Volkswagen had recently declared an investment of 1 billion euro (around Rs 7,900 crore) over the next three years as part of their latest strategy to enhance their presence in India. And the charge for that will be led by Volkswagen’s subsidiary firm Skoda auto. Skoda, of course, has had a fairly extended presence in the country now and is a well recognised, if not very necessarily popular brand with consumers today.
As a part of its ‘India 2.0’ project, Skoda Auto is setting up an engineering, design and development centre at Pune besides enhancing capacities of the group’s two existing plants at Aurangabad and Pune. Its expansion strategy will see the company looking at 2020 to bring in its first electric vehicle to the Indian market. The manufacturer’s first EV will be a production version of the Vision E concept that was extremely well received at last year’s Frankfurt Motor Show.
Sources close to the company claim that Skoda has already begun planning of the RS (Rally Sport) versions of their electric vehicles. With considerable time to go before the company releases its first electric vehicle in the market, the company has set in motion the chain of events for the development of RS versions of their EVs. This comes from the proud history of the company, which has always been known for its highly desirable RS versions of its mainstream models.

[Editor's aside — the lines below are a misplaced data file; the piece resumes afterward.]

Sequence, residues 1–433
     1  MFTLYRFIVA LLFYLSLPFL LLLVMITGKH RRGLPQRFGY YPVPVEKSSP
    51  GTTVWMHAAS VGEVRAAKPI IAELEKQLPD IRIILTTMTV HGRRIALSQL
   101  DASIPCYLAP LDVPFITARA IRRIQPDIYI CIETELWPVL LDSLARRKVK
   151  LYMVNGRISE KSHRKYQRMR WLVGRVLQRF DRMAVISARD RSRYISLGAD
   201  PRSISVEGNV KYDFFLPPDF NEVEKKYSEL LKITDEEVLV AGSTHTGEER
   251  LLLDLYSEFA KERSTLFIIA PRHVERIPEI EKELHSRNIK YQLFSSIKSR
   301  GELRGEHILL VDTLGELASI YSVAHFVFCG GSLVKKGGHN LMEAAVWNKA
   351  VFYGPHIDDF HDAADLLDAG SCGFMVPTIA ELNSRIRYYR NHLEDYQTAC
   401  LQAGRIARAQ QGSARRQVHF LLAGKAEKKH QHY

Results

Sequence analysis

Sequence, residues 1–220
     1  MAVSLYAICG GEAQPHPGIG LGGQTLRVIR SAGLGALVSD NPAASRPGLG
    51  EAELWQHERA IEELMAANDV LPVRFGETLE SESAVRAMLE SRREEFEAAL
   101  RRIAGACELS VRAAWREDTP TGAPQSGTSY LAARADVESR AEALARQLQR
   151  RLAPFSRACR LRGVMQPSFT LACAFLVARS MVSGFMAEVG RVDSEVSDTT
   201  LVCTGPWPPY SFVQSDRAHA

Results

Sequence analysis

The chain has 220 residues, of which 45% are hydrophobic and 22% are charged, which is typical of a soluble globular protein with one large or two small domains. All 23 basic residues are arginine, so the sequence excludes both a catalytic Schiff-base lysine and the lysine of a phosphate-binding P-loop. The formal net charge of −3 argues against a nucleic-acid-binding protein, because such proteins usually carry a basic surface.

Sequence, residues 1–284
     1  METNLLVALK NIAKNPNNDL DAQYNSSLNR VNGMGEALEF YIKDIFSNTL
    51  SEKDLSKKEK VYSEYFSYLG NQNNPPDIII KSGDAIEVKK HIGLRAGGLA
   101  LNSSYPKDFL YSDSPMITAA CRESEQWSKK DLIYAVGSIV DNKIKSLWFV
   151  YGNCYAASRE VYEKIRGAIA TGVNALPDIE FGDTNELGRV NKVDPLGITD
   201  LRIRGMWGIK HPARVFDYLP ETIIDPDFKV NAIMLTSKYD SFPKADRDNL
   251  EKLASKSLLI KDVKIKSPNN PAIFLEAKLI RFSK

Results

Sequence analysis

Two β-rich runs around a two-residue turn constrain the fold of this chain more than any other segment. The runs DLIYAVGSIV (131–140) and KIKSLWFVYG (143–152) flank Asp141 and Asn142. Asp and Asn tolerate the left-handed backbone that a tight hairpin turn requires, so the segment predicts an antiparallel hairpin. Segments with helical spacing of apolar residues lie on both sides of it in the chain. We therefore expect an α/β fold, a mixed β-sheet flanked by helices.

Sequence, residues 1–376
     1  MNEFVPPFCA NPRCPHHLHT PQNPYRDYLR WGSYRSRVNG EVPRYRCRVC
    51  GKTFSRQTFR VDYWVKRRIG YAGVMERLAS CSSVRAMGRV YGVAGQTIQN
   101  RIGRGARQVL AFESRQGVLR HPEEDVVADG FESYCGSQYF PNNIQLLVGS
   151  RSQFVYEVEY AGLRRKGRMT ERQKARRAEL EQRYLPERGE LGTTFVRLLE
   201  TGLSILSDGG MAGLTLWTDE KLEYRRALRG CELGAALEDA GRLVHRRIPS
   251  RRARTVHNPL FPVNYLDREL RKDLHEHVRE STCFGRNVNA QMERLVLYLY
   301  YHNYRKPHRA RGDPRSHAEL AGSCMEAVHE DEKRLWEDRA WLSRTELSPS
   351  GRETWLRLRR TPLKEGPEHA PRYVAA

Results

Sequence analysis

Alain Favey, Skoda’s board member for sales and marketing, while addressing the press said, “The logic is the same – it’s not about performance as such. Our most powerful engine is 245 bhp so by any stretch of the imagination we’re not talking about challenging Ferrari.”
He then added, “It’s about the look, it’s about the sporty feeling when you’re driving the car, it’s about the seats, it’s about the experience and I think that’s what our customers like. It’s about the experience and that’s something we can do very well in our future electric cars. Definitely, we will have RS versions of our electric cars (likely to be named eRS) – it’s part of our brand.”
According to speculative reports so far, Skoda will only offer a single battery output with its EV. Which indicates that any eRS version will primarily focus on handling and aesthetic enhancements rather than offering seriously upgraded performance. The cars, however, will be fitted with high-performance batteries with as much as 300 miles expected from a full charge. But this will come at quite a cost, as it’s expected to start at about £30,000 or ₹26,00,000 ($39,000, or €33,500).